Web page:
Socialization agents are known as individuals, groups, and social institutions that together form people to become productive members of society (McClinchey, 2012). These agents include family, peers, education, and mass media. In particular, the Aboriginal children would see that their family would treat them differently based on their treatment during education. The video showed that in the schools, the children were taught that their culture was wrong and if they did not obey the rules, they would be punished (Marcuse et al. , 1993).

So therefore, the socialization agent education would force these children out of their culture, which would largely affect another socialization agent, family. The influence these children got from their education was so controversial to the influence from their family because they were being taught two different ways of life (Marcuse et al. , 1993). Once again, the conflict theory is demonstrated because the power that the Caucasians have is shown by the way they force their ways on the Aboriginals. Finally, the Aboriginals were treated with vast amounts of social inequality.

In particular, the idea of social stratification is largely visible when it comes to looking at how the Aboriginals were treated in the school system. Social inequality occurs when a person’s attributes affect their access to socially valued resources (McClinchey 2012). Social stratification is a hierarchy that exists among social classes of people (McClinchey, 2012). Obviously the background that the Aboriginals have is the reason for them being discriminated against by the Caucasian people, and the Caucasian Migchels 4 eople’s reasoning comes from their knowledge of the social stratification. In particular, from the movie, it was shown that the entire culture of the Aboriginals was trying to be destroyed (Marcuse et al. , 1993). They were only taught English, and when the first residential school system was implemented; one of the main purposes was to get rid of the Indian culture (Marcuse et al. , 1993). As always, the conflict theory is shown here since we can see the competition between classes. The strong and wealthy Caucasians against the weak and poor Aboriginals.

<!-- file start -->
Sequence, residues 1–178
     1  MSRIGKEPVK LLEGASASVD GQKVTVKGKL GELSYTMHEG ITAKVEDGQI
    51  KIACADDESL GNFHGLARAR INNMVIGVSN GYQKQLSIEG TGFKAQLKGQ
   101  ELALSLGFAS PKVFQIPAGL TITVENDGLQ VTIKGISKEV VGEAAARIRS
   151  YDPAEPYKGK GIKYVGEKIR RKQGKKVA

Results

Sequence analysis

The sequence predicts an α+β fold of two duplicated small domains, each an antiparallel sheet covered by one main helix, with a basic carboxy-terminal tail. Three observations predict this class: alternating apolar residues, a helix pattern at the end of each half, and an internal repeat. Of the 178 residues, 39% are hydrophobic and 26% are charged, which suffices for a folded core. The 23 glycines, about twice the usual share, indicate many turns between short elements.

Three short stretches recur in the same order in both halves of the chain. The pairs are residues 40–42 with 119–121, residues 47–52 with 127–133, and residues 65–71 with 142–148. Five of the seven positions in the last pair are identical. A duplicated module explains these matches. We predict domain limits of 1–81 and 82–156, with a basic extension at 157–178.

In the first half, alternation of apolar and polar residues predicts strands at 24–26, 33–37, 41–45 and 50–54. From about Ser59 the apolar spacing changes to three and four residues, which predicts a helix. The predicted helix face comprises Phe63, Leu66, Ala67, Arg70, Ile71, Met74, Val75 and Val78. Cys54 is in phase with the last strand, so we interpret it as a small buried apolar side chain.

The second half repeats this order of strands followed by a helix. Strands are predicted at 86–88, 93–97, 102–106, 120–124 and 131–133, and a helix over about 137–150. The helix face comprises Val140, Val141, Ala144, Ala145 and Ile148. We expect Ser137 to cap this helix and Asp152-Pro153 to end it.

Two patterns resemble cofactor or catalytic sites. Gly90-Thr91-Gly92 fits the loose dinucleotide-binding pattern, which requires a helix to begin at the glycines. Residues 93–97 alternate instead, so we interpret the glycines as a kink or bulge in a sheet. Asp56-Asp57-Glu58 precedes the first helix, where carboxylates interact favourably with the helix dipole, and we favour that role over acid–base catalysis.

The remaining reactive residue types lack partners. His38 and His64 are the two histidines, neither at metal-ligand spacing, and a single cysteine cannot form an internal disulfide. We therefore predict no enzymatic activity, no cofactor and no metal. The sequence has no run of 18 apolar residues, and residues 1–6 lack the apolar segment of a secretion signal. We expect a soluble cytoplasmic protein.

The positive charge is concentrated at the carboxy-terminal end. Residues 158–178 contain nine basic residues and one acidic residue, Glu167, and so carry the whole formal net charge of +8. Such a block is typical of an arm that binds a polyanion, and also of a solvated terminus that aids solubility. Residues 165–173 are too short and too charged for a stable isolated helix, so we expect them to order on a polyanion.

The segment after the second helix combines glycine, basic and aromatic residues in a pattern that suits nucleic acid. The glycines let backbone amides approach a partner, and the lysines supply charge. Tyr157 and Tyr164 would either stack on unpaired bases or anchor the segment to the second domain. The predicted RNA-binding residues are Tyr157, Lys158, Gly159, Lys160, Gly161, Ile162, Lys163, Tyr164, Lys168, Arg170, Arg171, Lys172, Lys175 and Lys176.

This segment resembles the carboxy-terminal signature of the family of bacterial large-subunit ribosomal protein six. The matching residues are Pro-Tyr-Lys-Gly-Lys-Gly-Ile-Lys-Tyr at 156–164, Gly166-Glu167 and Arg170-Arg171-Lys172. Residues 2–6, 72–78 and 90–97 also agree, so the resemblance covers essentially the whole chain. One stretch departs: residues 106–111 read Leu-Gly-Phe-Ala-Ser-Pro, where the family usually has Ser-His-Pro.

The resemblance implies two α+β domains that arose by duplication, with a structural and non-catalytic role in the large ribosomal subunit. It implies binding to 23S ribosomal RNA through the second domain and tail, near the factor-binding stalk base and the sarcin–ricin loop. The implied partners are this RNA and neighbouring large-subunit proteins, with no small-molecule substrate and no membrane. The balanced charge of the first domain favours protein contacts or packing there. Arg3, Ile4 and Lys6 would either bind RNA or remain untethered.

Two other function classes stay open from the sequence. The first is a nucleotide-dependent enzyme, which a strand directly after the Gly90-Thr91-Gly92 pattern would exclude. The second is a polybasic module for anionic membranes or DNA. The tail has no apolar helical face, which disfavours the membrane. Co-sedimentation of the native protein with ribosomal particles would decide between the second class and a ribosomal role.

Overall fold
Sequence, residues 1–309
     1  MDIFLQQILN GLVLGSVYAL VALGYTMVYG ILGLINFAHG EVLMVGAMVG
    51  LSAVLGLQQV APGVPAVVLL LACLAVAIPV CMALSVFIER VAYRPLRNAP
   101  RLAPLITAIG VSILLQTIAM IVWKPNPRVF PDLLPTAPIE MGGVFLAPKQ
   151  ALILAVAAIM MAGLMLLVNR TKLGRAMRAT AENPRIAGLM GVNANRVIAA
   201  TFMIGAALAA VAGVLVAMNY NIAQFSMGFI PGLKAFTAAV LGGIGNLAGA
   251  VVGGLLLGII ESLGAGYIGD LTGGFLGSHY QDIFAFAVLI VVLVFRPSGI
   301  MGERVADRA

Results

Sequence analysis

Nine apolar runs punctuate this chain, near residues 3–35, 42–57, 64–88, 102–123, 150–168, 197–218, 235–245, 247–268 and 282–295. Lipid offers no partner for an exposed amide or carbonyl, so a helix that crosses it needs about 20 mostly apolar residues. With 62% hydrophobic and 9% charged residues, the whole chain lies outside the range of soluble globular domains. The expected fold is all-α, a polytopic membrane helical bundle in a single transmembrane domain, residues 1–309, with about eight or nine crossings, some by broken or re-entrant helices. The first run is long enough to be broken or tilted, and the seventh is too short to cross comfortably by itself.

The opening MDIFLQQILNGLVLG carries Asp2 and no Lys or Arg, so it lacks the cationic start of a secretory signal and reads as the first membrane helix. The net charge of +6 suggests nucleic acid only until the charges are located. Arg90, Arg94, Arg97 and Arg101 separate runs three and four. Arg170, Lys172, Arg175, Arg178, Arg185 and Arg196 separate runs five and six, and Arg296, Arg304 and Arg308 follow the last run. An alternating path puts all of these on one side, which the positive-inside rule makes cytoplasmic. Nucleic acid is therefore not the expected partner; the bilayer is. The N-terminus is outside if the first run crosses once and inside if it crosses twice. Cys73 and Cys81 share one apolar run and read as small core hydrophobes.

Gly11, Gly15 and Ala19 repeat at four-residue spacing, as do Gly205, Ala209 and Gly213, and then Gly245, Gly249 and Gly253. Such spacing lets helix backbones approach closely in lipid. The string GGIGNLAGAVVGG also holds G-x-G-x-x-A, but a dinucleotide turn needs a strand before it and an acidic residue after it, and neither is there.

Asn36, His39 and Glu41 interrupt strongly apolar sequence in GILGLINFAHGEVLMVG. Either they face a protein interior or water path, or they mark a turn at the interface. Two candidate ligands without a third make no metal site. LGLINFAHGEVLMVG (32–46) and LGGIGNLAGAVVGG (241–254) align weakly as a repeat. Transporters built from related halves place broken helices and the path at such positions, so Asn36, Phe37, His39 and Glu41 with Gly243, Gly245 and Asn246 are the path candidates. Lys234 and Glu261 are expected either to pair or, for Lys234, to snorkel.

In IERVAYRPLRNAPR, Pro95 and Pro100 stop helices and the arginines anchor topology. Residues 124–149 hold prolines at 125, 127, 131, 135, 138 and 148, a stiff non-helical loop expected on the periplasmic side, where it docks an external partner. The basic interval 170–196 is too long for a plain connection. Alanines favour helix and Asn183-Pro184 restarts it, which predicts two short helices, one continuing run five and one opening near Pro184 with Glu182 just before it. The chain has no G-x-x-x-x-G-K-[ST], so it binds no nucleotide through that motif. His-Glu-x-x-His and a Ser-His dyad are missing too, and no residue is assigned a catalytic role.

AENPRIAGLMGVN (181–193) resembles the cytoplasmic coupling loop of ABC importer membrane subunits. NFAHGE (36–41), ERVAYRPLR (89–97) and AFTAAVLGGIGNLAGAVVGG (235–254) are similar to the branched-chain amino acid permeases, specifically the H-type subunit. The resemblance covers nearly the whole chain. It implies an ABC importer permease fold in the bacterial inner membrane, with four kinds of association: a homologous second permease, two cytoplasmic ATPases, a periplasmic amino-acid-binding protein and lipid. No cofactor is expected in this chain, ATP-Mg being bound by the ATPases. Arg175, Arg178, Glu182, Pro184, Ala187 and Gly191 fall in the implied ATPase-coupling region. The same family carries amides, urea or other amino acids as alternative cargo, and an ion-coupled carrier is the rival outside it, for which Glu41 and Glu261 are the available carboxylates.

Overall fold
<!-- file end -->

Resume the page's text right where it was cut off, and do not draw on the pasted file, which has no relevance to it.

Conclusively, the residential school system has treated Aboriginals very poorly in the past. Through the use of the conflict theory, it is easy to see that the competition for power plays a major role in the way these people were treated. Through gender stereotyping, socialization agents, and social inequality, the Aboriginal children were discriminated against and taught to live different lives (Marcuse et al. , 1993). The Aboriginals that were interviewed in the video said that they wished it had not happened, but at the same time, it gave them a different outlook on life (Marcuse et al. 1993). All in all, the past is the past, and nowadays it is good to see our residential school system work towards the idea of cultural relativism, which is the idea that all cultures have intrinsic worth and should be appreciated (McClinchey, 2012). Migchels 5 References Bob, Geraldine and Gary Marcuse. (Directors). 1993. “Education As We See It. ” In First Nations: The Circle Unbroken – Disk 4. [Film]. National Film Board of Canada. McClinchey, B. (2012). Exploring sociology. (2nd ed. ). Boston, MA: Pearson Learning Solutions.